|[published]:||2017, March 7|
|[article]:||Kick Axe – Vices + Welcome To The Club + Rock The World (Reissues/Remasters)|
Reissued by Rock Candy Records, UK.
In their formative years, Kick Axe warmed up their musical muscles by touring heavily in their native Canada, later relocating to the USA when they signed to now legendary producer, Spencer Proffer's Pasha label, releasing debut album, Vices, in 1984.
They had fine toothcombed the world of heavy metal vocalists and recruited George Criston. His raspy, full throated roar is a blazing, larger than life contrivance that suits songs like the shout-it-out-loud 'Heavy Metal Shuffle' down to the ground. Proffer knew how to get the best out of a young band, expertly conducting the shifts in tone and texture on Vices, carefully pumping up Criston's ferocious howl and guitarist, Larry Gilstrom's feral axework, regularly going for the jugular with vampiric intensity.
On the album's standout tracks, 'On The Road To Rock' and 'Stay On Top' Criston's theatrical delivery makes Alice Cooper sound like the Carpenters. And Gilstrom's uncompromising hard edged guitar attack, as nuanced as a punch in the face, comes up time after time with clanging, abrasive, primal chord riffery.
Elsewhere, on the irresistibly surging 'Just Passing Through' and the down'n'dirty 'Alive & Kickin', vocals and axes dovetail together gleefully in a maelstrom of prime heavy metal performance.
Back when the album was first released, the anchoring clatter and thump of the band's rhythm section were lost in the mix. Today, the artists are done a huge favour by the fidelity of Rock Candy's remastering process. We now know that the unsung bass and drum heroes created the glue that held the music together.
A beautifully worked up cover of Humble Pie's 'Thirty Days In The Hole', originally included as the cassette only bonus track, is now present and correct on this reissue.
Welcome To The Club
It's clear that Spencer Proffer had given the band wings and that they took flight with Vices. But there was a feeling that the their unreconstructed heavy metal debut had frightened the natives. Or at least had frightened that generation of natives who buy albums.
Sometimes then, you have to surf the tides. A peep over the parapet confirmed that the competition now was considerable. Dokken, Night Ranger, Honeymoon Suite, King Kobra, Giuffria and many other comparable bands were circling. So, without exactly shaking off their heavy metal shackles, Kick Axe wrote and recorded a bunch of very fine songs, arranged and recorded (again by Proffer) with a target audience in mind.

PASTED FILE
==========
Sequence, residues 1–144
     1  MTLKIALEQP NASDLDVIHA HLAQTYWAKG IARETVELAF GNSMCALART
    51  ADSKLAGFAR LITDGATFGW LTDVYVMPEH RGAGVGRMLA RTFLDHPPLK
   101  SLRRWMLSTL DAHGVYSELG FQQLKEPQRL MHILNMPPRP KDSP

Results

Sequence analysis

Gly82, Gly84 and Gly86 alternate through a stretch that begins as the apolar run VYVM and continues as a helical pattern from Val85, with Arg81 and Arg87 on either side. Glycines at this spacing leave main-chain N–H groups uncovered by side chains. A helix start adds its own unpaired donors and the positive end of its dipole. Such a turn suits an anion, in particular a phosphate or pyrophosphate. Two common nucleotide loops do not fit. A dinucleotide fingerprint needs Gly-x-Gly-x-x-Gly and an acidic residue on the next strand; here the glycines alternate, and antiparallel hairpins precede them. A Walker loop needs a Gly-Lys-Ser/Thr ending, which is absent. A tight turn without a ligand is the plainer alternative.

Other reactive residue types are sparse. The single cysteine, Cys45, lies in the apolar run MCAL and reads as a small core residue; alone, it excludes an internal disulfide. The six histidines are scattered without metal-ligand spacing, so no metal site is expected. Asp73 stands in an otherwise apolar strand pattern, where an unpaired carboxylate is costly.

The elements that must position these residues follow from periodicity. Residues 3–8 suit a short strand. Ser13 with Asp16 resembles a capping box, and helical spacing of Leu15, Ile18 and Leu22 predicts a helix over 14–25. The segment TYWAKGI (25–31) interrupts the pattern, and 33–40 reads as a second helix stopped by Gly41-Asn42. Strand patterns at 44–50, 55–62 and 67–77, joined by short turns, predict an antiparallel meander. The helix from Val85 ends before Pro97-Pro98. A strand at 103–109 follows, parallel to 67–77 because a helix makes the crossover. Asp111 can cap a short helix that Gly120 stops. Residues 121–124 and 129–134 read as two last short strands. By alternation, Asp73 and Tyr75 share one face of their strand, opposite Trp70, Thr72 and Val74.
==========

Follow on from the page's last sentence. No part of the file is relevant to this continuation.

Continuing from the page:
The songs don't lack muscle or attitude, but it's all less frantic, more mature. The title track and 'Make Your Move' are probably the picks. Neither lack ambition. Vocalist Criston and axeman, Gillstrom together rein back the raw power without sacrificing emotional honesty, and both embrace enough of melodic rock's trademark aural hooks to satisfy genre aficionados.
This measured, considered approach continues into the album's ballads, that said though, there's an unapologetic, chest beating sense of drama to 'Coming After You' and 'Never Let Go'. Old habits etc etc.
Critics condemned Welcome To The Club for falling between two styles. Maybe the next album would be the one.
Rock The World
And it is.
Blessed with an ambitious, unambiguous title, Rock The World (1986) sees the band truly finding their feet. Proffer may have catapulted the band into rock'n'roll prominence by capturing their raw, innate power in the studio, but by jettisoning the band's heavy metal baggage, this propulsive, self produced third album shows us the way. The energy and the urgency they had once sought to communicate through the cacophony of heavy metal now seems to have been the work of an earlier, angrier band. On Rock The World, the music has now been finely tuned and reaches us through the compelling, satisfying medium of melodic hard rock. Mostly.
The songs may take a little longer to unlock but the wait is worth it. The band's evolved songwriting guile and new found restraint is primarily evident on 'Red Line' and 'The Great Escape'. Criston has cut back on the vocal histrionics but now seems to have deepened his resolve. Gillstrom's controlled bursts of radiant guitar combine with Criston's voice perfectly. It means that when they step outside the confines of the shiny new template, as on 'Devachan', delivered with the the operatic staginess of Savatage, it hits you between the eyes.
Two tracks at the back end of the album further reveal the band's artistry and indeed their artistic ambitions. The epic 'Warrior', and the quasi religious 'Magic Man'. The songwriting is sharper here and more focused. The arrangements take a progressive rock approach, approximating the same superb vocal arrangements and soaring, searing axe solos you would have found on a Kansas album.
The album was not a great success. A year later they were dropped by the label. Shockaroonie.
If Rock Candy Records didn't exist we would have to invent it. New interviews, new band photos and the whole story on this reissue/remaster.
Vices: 7 out of 10
Welcome: 6 out of 10
Rock The World: 8 out of 10